In loving sinful, infectious, and diseased-stricken humans in this manner, there are several things that we learn about God.

  1. No matter how sick or contagious we are, we are never too sick for God’s personal, loving, and gracious touch. Think about that! No matter who you are, what you have done, or how messed up you think you are, you are not too sick for God’s personal, loving, and gracious touch. Just as Jesus touched the leper—someone who was too sick for anyone to want to be around—and healed him (Matt 8:3), he can (and wants to) touch and heal you.
  1. Jesus loves us so much that he sacrificed his health so that we might be healthy. When someone is sick it tends to isolate him or her from the rest of the world—given that no one really wants to be in proximity to someone who’s sick and have the potential of catching what they have. Being sick can be very lonely. The few people who would even care for the infectious person are the ones who really love the one suffering. There are many places in Scripture that speak to God’s love for humans. Passages such as John 3:16, Romans 5:8, 2 Thess 2:16, 1 John 3:1, and 1 John 4:9–11 speak of God’s love for us. And remember, God’s love isn’t directed to the healthy, but the unhealthy. In fact, the Bible teaches that Jesus sacrificed his health so that we might be healthy. As 2 Corinthians 5:21 states, “For our sake he made him to be sin who knew no sin, so that in him we might become the righteousness of God.” In sickness terms, Jesus took our sickness on himself and disposed of it once and for all so that we might have a clean bill of health. Oh, the love of God!
  1. God meets us in our unhealthy state by providing the warmth, comfort, and security of a loving and caring Father. I’ve never met someone who loved being sick. In fact, any person that I’ve come across who was sick felt bad that they were sick. In other words, they see their sickness as being an inconvenience to those who care for them. Thus, in an already fragile state—both mentally and physically—the last thing a caretaker wants to do is make the sick person feel worse. In the parable of the prodigal son, the Father ran out to warmly greet his sinfully diseased and disobedient son. And rather than making him feel worse than what he already felt, the father (who represents God the Father) meets his son in a warm, comforting, loving, and securing manner. He met him not to condemn him, but met him to caress him as a loving Father.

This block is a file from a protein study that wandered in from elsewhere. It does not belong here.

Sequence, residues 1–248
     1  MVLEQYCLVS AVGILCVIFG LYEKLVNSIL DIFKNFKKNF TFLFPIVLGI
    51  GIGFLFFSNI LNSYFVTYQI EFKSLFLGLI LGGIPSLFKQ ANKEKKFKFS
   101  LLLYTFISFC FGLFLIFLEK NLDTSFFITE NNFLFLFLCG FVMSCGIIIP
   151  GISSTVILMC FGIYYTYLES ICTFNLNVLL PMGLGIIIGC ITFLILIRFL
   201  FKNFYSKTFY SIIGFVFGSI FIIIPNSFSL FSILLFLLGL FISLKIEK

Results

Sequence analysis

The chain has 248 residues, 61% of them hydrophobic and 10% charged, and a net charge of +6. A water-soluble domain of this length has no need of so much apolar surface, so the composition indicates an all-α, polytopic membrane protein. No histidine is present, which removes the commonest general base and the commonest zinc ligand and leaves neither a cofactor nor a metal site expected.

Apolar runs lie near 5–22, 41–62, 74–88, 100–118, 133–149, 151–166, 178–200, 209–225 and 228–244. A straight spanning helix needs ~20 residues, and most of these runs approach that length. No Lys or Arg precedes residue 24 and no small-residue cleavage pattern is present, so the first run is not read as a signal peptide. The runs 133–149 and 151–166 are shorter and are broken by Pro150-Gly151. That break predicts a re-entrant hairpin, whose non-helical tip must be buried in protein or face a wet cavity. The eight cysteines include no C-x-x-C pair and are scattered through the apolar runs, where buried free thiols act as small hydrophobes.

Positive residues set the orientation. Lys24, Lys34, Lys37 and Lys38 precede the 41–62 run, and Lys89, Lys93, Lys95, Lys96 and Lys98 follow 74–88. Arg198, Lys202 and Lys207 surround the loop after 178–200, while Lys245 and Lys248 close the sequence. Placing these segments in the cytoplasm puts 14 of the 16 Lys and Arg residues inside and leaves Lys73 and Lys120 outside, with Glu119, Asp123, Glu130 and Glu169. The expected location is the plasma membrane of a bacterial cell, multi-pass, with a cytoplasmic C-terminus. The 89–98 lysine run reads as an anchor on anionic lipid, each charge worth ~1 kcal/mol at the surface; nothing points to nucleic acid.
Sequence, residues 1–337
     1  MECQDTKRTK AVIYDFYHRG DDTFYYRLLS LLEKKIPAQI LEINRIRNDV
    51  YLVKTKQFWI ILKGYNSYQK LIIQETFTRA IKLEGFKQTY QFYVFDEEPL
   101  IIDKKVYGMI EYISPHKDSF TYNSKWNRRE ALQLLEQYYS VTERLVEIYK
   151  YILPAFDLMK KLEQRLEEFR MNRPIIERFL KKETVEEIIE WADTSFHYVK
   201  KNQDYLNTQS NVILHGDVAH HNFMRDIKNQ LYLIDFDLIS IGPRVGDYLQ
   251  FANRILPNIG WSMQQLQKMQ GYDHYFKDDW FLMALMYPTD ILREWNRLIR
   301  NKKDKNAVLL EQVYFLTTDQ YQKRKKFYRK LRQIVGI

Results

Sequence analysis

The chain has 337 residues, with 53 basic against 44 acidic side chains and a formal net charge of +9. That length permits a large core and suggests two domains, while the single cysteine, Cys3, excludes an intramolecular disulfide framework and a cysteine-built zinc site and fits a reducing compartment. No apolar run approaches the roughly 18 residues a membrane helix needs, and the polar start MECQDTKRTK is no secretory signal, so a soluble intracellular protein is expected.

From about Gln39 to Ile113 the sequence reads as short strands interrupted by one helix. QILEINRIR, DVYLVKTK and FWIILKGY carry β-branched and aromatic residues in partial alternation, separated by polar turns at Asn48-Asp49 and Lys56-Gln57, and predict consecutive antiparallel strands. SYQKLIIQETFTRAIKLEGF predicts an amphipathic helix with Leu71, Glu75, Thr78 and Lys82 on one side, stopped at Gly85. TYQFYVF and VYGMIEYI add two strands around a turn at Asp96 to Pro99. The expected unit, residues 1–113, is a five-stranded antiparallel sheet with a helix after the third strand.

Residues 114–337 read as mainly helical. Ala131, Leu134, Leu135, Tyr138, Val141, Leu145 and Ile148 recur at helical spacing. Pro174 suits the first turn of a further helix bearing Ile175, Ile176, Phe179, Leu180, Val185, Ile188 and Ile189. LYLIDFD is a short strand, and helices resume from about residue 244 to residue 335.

1. The way God responded to man’s sickness proves that he is the Father and home everyone is searching for. Our sickness has a way of revealing our true home. In other words, the place we go to recover and be cared for, and the person(s) we rely on to care for us, reveals the place and people we call home. Obviously if a person is really sick and has to go to the hospital, you still can tell who “home” is by the people who are always there. God, from the very beginning, has wanted to provide a home for human beings—a place where he would be king and Father, and a place where man could enjoy perfect communion and harmony with him. Man’s sickness left all his faculties (mental, physical, emotional, social, relational, vocational, and cultural) damaged, which left him homeless and wandering aimlessly in search of his home. Once again, the great news is that God didn’t leave man in his sickness and homeless state, but pursued him to bring him back home—fully healed. As Jesus declared to his disciples, “In my Father’s house are many rooms. If it were not so, would I have told you that I go to prepare a place for you? And if I go and prepare a place for you, I will come again and will take you to myself, that where I am you may be also” (John 14:2–3). The truth is, man is looking not only for the cure of their sickness, they are also looking for their true home—the place where God offers healing, recovery, renewal, and restoration. He really is the “home” every sick human heart longs for!

Obviously when it comes to loving my children through their sickness, there’s a thing or two I could learn from our heavenly Father who doesn’t give fist bumps, but loving and gracious hugs and kisses. The good news is that my wife has nailed loving our children in this way. How do I know? Because she now has strep! 🙂